I think if one of the fork companies like Fox or Rockshox ever were to make an air/oil one with seals that work as good as the seals on high-end forks work, they would have a winner on their hands.

    BTW, I have the 2 position 4 GD Turbo that has a 1 drop and the 4 drop. I sometimes find it a little difficult to find that 1 drop. It rarely gets used.
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  73. #73
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    Are there any shortcomings going with a multiposition GD rather than a single drop GD even if the 1" position is hard to find or just useless as some are saying? It seems to me that having a 1" drop and not using (or needing) it is better anyway than needing it and not having this option.

  74. #74
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    Quote Originally Posted by Smith
    Are there any shortcomings going with a multiposition GD rather than a single drop GD even if the 1" position is hard to find or just useless as some are saying? It seems to me that having a 1" drop and not using (or needing) it is better anyway than needing it and not having this option.
    Only real disadvantage of having it is that it reduces the cross sectional area of the post, so the shaft itself is not as strong. You can end up with this situation...

    Notice it sheared at the 1in drop hole.
    GD warrantied the shaft, but it was a little bit of an annoyance. Would have been a major issue if I was out on a road trip.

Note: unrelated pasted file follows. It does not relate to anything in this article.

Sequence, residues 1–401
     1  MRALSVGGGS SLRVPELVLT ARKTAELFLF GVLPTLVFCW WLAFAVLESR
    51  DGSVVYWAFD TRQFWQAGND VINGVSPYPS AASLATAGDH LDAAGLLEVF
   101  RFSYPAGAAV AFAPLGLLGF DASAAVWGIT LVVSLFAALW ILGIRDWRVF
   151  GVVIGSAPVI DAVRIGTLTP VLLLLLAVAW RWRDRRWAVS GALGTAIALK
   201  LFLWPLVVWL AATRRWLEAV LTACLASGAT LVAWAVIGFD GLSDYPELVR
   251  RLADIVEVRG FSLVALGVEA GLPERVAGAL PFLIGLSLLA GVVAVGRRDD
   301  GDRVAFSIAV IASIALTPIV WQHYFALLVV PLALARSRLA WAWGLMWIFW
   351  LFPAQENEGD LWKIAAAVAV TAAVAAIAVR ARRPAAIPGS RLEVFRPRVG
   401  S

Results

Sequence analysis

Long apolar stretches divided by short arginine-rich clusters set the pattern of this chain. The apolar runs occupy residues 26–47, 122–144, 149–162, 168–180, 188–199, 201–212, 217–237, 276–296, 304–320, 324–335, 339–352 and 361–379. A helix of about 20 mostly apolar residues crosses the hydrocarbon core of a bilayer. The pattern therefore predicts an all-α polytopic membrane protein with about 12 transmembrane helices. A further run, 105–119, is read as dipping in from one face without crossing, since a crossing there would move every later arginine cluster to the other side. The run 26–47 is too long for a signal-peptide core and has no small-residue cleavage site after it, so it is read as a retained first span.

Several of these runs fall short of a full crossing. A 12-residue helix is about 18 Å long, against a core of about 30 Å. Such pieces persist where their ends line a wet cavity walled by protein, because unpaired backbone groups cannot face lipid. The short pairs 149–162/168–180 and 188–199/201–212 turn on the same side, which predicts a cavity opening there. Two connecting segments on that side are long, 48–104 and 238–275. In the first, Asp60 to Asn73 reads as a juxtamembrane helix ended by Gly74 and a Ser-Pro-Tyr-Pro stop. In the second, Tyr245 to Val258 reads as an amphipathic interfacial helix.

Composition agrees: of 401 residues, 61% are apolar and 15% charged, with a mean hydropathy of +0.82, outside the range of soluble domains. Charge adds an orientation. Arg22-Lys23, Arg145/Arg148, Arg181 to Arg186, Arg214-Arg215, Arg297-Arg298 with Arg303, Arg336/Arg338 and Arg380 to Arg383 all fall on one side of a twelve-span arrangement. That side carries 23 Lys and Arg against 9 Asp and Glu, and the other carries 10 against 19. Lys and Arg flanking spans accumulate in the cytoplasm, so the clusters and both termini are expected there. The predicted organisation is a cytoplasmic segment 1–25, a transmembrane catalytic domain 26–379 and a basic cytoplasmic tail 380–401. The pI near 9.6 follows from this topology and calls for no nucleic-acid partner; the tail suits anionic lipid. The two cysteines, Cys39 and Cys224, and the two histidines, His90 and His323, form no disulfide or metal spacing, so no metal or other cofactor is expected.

Quote Originally Posted by saturnine
    that's the stupidest idea this side of pinkbike.

  75. #75
    lazy piston
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    Thanks for the reply AL29er! I hope this is not a common problem with the multi-position posts...

  76. #76
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    Quote Originally Posted by Smith
    Thanks for the reply AL29er! I hope this is not a common problem with the multi-position posts...
    I believe it was a fairly common problem on the older ones, but has since been fixed. I've had no problems on my replacement, which I've been riding a couple of years now. Great customer service, by the way.


  77. #77
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    Quote Originally Posted by wankel
    I believe it was a fairly common problem on the older ones, but has since been fixed. I've had no problems on my replacement, which I've been riding a couple of years now. Great customer service, by the way.

    Ohh!!! was this a photo of a GD-Turbo Multi-position 4 inch?

  78. #78
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    Turbo or Classic makes no diff since they share the same internals. The hollow post is the old version. The solid one I posted is the "fixed" version. The guys at GD were most interested in getting it back to see how/why their beefed up version broke. No, it is not a common failure these days. I am simply outside the normal bell curve at 240lb and I had the pin facing forwards. To top that I had the saddle all the way back on the rails. It was definitely the perfect storm wrt breaking the post I don't fault GD for the break, it was a bad way to have it setup and I am fat
    Quote Originally Posted by saturnine
    that's the stupidest idea this side of pinkbike.

  79. #79
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    Quote Originally Posted by AL29er